Maintaining proper nutrition is important during cancer treatment. The American Cancer Society offers a free guide called Nutrition for the Person With Cancer During Treatment. This guide is designed to help the person with cancer learn more about nutritional needs, manage eating problems during treatment, and deal with side effects. It also provides tips on getting good nutrition and meal planning. It offers suggestions for healthy eating before, during, and after treatment, as well as guidelines for sanitation, food safety, and food handling. Recipes for nutritious snacks, drinks, and soups are also included. A downloadable version of the guide is available at www.cancer.org or you can get a free copy by calling 1-800-227-2345.
The National Cancer Institute (1-800-4-CANCER) offers a free booklet Eating Hints: Before, During, and After Cancer Treatment, with lots of information, tips, recipes, etc. A downloadable version of this guide is available here.
Cook for Your Life offers free, hand-on cooking programs to teach healthy cooking to people touched by cancer, turning nutrition guidelines into practical, easy recipes that are designed specifically for the different stages of treatment, and to promote healthy survivorship. For more information, visit cookforyourlife.org, call 212-799-3894, or write to email@example.com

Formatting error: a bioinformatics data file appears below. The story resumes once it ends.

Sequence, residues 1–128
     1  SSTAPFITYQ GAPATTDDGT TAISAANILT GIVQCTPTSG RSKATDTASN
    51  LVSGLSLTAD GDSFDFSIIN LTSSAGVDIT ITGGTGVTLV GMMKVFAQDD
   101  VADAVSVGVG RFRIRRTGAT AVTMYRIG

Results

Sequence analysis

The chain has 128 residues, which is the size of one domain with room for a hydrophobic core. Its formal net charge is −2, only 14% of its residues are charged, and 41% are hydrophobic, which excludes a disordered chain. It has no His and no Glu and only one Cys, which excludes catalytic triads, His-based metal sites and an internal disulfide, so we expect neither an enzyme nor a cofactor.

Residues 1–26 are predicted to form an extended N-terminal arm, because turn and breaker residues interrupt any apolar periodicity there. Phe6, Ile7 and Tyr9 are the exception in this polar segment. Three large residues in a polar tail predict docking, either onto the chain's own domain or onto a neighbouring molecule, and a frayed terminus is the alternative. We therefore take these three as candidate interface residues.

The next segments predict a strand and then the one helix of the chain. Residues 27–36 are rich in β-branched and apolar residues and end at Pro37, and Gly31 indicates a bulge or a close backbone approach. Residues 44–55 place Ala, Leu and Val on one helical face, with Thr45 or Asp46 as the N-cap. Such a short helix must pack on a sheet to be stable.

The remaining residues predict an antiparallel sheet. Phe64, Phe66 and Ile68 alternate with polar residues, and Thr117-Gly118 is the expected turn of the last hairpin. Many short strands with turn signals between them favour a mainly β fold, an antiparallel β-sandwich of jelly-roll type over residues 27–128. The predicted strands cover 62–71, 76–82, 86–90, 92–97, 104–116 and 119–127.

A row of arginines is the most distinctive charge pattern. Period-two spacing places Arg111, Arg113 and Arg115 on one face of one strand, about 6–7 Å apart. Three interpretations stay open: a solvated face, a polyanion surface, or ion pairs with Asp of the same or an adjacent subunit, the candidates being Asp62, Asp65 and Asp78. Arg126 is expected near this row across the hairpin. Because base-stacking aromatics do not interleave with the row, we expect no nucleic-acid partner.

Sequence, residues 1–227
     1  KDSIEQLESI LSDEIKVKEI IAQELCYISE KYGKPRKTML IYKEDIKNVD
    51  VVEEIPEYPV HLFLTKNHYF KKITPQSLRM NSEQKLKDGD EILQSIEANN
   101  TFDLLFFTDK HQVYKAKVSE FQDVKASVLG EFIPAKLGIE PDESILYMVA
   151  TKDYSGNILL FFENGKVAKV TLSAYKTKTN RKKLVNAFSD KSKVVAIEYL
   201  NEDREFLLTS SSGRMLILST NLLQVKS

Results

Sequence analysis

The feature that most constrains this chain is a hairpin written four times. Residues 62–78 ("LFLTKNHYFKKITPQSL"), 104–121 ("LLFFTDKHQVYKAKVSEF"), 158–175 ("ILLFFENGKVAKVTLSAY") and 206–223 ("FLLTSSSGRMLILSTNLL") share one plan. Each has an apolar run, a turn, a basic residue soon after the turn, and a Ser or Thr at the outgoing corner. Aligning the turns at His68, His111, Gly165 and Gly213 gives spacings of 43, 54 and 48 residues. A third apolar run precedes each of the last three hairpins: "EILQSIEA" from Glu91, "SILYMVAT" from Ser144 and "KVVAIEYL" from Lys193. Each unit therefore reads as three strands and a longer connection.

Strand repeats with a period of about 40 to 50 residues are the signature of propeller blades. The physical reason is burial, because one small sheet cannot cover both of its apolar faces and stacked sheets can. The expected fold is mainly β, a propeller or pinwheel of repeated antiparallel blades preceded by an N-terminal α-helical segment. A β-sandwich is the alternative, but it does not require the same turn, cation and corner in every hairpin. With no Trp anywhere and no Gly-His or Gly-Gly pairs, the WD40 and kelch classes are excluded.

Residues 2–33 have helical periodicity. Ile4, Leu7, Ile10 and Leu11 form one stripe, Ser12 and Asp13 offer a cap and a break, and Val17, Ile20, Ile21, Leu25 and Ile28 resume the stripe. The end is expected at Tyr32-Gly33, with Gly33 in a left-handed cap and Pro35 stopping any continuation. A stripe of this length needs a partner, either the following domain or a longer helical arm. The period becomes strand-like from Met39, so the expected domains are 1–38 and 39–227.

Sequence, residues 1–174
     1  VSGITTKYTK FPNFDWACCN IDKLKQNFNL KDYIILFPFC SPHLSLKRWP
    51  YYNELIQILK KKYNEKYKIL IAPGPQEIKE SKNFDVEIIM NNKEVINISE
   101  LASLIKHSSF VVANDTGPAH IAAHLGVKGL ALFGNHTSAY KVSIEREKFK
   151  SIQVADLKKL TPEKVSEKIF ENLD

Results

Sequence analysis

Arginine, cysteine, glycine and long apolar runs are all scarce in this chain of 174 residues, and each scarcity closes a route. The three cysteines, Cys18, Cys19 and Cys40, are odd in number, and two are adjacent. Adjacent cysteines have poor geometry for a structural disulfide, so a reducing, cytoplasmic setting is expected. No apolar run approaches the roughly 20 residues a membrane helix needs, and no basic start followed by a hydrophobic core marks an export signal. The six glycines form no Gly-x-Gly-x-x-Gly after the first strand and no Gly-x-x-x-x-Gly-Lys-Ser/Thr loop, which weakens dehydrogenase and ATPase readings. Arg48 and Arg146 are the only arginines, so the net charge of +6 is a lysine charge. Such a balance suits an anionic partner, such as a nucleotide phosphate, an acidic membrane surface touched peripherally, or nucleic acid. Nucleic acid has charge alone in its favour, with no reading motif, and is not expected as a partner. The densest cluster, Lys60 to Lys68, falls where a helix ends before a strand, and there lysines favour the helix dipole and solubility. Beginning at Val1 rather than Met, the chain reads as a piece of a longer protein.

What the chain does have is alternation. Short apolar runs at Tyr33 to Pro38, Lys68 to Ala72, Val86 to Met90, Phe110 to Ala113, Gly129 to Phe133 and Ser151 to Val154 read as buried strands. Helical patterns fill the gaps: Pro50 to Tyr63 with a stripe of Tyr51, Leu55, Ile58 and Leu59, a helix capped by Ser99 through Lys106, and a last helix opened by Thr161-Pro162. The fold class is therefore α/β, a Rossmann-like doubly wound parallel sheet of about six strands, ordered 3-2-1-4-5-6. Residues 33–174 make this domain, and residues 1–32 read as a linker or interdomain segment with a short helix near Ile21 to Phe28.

During cancer treatment, your body is working overtime to fight cancer and also stay well. The right types of exercise can help increase energy, reduce stress, and offset potential weight gain. Being fit is about having fun, performing your regular daily activities, and enjoying sports and leisure activities.
- Fitness includes cardio endurance, muscle strength, and joint flexibility. Walking, hiking, playing soccer or basketball, swimming, biking, and other types of aerobic exercises contribute to fitness.
- Don’t get discouraged if your exercise capacity decreases during treatment. This is normal and expected.
- Pace yourself. Start off slowly, and increase the duration of exercise as you are able. Don’t overdo it. Listen to your body, and rest as needed.
- Set reasonable goals for yourself. Talk to your cancer care team about what you can safely do.
- Keep notes on your progress. Over time, you’ll see and feel the improvement!
- Exercising with a partner can help keep you motivated and encouraged.
- Talk to your doctor or physical therapist about physical activity and any possible limitations you need to keep in mind.
- If your platelet count is low, avoid contact sports and activities like skate-boarding, mountain biking, horseback riding, and weightlifting until you and your parents have talked with your doctor.
- It’s generally recommended you drink at least 6 to 8 tall glasses of water each day. Even more fluid may be needed during treatment. Talk to your team about how much fluid you need each day.